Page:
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In Greece, where everything is turned to account, the owners of the gymnasia have introduced the very excretions1 even of the human body among the most efficient remedies; so much so, indeed, that the scrapings from the bodies of the athletes are looked upon as possessed of certain properties of an emollient, calorific, resolvent, and expletive nature, resulting from the compound of human sweat and oil. These scrapings are used, in the form of a pessary, for inflammations and contractions of the uterus: similarly employed, they act as an emmenagogue, and are useful for reducing condylomata and inflammations of the rectum, as also for assuaging pains in the sinews, sprains, and nodosities of the joints. The scrapings obtained from the baths are still more efficacious for these purposes, and hence it is that they form an ingredient in maturative preparations. Such scrapings as are impregnated with wrestlers' oil,2 used in combination with mud, have a mollifying effect upon the joints, and are more particularly efficacious as a calorific and resolvent; but in other respects their properties are not so strongly developed.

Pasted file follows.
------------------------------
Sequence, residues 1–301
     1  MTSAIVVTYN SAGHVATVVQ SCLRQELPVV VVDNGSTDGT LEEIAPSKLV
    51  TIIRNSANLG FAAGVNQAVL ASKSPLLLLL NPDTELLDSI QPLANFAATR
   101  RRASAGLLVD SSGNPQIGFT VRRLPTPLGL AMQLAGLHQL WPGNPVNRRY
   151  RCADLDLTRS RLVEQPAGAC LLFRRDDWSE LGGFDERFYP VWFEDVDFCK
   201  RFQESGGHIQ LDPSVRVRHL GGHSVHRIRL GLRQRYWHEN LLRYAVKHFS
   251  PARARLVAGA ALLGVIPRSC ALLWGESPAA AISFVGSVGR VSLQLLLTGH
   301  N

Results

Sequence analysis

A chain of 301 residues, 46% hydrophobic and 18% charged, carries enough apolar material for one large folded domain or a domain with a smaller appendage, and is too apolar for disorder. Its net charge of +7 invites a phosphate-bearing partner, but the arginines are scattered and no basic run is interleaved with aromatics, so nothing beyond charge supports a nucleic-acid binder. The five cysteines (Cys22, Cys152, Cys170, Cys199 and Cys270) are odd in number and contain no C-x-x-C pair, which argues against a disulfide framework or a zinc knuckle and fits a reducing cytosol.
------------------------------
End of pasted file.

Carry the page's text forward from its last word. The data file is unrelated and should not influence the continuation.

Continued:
The shameless and disgusting researches that have been made will quite transcend all belief, when we find authors of the very highest repute proclaiming aloud that the male seminal fluid is a sovereign remedy for the sting of the scorpion! In the case too, of women afflicted with sterility, they recommend the application of a pessary, made of the first excrement that is voided by an infant at the moment of its birth; the name they give it is "meconium."3 They have even gone so far, too, as to scrape the very filth from off the walls of the gymnasia, and to assert that this is also possessed of certain calorific properties. These scrapings are used as a resolvent for inflamed tumours, and are applied topically to ulcers upon aged people and children, and to excoriations and burns.

1 See B. xv. c. 5.

2 "Ceroma." A mixture of oil and wax.

3 Properly, "poppy juice."

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